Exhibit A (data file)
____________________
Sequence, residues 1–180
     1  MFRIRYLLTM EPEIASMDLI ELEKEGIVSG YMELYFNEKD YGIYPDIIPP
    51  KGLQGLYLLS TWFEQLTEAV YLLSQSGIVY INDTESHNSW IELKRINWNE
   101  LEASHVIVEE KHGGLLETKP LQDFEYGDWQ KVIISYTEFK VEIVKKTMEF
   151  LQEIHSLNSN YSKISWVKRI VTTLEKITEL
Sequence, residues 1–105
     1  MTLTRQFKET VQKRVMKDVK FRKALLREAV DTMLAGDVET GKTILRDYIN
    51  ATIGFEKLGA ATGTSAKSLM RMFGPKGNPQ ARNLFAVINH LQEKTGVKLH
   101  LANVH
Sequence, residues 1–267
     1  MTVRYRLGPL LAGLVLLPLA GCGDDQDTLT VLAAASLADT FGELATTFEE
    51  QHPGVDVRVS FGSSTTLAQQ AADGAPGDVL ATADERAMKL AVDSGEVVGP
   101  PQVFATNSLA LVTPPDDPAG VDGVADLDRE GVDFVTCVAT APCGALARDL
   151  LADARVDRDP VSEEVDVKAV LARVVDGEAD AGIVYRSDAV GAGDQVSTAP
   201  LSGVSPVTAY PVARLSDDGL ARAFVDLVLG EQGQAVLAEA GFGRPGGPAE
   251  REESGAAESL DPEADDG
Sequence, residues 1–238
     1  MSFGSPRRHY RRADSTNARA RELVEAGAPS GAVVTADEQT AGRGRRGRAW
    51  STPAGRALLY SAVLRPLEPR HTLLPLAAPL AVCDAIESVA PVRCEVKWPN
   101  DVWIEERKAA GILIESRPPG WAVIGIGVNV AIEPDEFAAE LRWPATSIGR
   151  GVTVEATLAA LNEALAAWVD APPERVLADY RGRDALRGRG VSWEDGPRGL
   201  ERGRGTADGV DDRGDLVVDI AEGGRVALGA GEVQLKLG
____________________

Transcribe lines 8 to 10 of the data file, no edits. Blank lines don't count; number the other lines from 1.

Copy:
    51  ATIGFEKLGA ATGTSAKSLM RMFGPKGNPQ ARNLFAVINH LQEKTGVKLH
   101  LANVH
Sequence, residues 1–267